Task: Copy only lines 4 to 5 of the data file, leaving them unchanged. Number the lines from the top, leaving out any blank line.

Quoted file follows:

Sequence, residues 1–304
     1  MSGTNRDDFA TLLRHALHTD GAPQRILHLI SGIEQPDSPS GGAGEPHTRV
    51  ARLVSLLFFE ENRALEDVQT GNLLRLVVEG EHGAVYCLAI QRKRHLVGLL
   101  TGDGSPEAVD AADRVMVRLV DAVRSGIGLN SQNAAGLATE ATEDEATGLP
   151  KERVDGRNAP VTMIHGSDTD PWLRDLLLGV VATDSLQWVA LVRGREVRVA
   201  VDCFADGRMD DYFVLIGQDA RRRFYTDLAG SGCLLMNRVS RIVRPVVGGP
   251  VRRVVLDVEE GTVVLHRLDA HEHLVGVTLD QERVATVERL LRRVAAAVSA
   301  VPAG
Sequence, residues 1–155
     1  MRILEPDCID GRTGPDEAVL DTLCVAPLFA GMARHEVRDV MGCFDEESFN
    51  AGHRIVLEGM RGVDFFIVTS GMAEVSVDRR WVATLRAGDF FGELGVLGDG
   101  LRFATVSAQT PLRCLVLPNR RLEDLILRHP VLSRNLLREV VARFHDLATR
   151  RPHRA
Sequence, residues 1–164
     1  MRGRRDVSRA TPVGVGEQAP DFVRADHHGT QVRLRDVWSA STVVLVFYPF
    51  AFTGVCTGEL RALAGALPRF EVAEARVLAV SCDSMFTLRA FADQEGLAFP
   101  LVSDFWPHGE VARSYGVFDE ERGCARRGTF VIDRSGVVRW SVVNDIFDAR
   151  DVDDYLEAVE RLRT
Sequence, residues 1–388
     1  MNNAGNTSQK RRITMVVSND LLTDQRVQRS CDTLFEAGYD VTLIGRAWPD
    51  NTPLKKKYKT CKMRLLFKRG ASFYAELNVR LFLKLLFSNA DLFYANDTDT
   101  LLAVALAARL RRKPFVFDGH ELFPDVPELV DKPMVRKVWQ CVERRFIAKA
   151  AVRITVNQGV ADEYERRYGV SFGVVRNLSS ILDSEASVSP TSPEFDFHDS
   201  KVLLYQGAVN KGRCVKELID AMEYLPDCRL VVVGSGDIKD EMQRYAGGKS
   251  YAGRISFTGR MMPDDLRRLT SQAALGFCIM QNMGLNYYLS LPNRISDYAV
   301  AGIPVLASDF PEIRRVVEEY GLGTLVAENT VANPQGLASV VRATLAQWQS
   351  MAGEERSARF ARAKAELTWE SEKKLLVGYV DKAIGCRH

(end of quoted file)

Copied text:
   101  TGDGSPEAVD AADRVMVRLV DAVRSGIGLN SQNAAGLATE ATEDEATGLP
   151  KERVDGRNAP VTMIHGSDTD PWLRDLLLGV VATDSLQWVA LVRGREVRVA